Sewell v. Commodity Federal Trading Commission
MEMORANDUM OPINION. Signed by Judge Paula Xinis on 3/31/2017. (c/m 3/31/2017 aos, Deputy Clerk)
IN THE UNITED STATES DISTRICT COURT
FOR THE DISTRICT OF MARYLAND
STARSHA M. SEWELL
COMMODITY FUTURES TRADING
Civil Action No. PX 16-2457
Pending in this employment discrimination case is Defendant Commodity Futures
Trading Commission’s (“CFTC”) motion for extension of time (ECF No. 9), Plaintiff Starsha
Sewell’s motion for relief from an Order pursuant to Fed. R. Civ. P. 60(a) and for sanctions
(ECF No. 10), and the CFTC’s motion to dismiss (ECF No. 13). The issues are fully briefed and
the Court now rules pursuant to Local Rule 105.6 because no hearing is necessary. For the
reasons stated below, Defendant’s motion for extension of time is granted, Plaintiff’s motion is
denied, and Defendant’s motion to dismiss is granted.
On November 21, 2015 Plaintiff Starsha Sewell applied for the position of Deputy
Director of Customer Education and Outreach with the CFTC. Plaintiff was never granted an
interview, and on or about May 17, 2016,1 the CFTC informed her that she had not been selected
for the position. Complaint, ECF No. 1 at 4. On June 8th, Plaintiff filed a charge of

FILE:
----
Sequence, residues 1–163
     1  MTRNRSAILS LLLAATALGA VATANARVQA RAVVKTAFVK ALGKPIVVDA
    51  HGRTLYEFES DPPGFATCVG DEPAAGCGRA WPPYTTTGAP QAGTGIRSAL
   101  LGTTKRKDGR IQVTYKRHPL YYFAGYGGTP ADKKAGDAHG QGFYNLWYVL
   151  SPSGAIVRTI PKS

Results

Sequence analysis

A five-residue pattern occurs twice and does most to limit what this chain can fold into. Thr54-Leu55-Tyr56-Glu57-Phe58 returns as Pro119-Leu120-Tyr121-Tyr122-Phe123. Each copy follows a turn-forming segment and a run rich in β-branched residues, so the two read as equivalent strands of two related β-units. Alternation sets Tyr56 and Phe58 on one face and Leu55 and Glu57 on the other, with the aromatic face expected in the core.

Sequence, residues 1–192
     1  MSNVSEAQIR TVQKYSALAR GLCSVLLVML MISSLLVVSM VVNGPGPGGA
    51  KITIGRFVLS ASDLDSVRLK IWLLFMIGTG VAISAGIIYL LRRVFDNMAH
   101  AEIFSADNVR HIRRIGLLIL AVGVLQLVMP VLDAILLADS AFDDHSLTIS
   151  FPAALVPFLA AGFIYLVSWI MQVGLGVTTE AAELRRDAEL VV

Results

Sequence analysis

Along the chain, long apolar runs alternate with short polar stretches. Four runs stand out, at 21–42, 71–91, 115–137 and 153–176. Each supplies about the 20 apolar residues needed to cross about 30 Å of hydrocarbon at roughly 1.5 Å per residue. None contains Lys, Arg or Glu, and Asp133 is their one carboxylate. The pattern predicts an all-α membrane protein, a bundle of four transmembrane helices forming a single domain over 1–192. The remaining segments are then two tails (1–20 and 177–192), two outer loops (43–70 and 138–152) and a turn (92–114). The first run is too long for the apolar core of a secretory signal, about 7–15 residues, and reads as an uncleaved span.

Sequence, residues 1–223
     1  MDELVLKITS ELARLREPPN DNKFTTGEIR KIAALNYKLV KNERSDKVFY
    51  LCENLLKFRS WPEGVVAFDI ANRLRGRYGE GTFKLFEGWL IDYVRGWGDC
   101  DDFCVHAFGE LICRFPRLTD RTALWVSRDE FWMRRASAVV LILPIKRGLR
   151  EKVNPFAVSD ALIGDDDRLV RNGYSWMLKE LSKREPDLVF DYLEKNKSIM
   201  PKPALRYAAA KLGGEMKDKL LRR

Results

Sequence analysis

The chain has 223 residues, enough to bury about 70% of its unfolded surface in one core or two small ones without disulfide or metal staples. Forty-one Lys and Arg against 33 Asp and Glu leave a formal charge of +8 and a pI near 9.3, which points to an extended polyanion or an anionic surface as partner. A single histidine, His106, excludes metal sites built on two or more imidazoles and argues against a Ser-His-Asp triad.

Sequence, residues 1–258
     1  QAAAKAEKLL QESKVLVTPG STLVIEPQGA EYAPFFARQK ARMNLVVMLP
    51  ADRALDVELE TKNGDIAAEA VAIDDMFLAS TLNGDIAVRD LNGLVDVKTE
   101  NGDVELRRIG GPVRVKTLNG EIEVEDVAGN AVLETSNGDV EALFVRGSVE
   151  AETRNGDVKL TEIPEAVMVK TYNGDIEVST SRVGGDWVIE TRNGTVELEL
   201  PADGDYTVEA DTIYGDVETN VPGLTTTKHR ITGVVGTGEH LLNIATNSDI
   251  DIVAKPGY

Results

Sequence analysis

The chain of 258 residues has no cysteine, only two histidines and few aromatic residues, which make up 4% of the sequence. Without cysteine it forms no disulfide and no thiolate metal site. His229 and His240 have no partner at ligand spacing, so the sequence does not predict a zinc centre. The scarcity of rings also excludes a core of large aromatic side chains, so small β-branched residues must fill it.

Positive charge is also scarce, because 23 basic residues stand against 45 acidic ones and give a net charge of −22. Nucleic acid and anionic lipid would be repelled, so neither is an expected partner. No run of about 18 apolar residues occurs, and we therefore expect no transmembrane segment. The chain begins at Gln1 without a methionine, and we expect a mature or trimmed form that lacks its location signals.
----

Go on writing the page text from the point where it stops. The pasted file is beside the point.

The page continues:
The CFTC alleges that Plaintiff was informed that she was not selected for the deputy director position on June 7,
2016 while the exhibits attached to Plaintiff’s complaint indicate that she was informed on May 17, 2016. Compare
ECF No. 13-2 at 3, with ECF No. 1-5 at 13. At this stage, the Court will take all of the facts in the light most
favorable to the Plaintiff and credit Plaintiff’s recounting of events.
discrimination with the Equal Employment Opportunity Commission (“EEOC”). The EEOC sent
Plaintiff a Dismissal and Notice of Rights on June 10, 2016, which informed Plaintiff that the
EEOC was closing its file on her charge because “Respondent [CFTC] is a federal agency.” ECF
On June 30, 2016, Plaintiff filed a complaint in this Court against the CFTC3 alleging that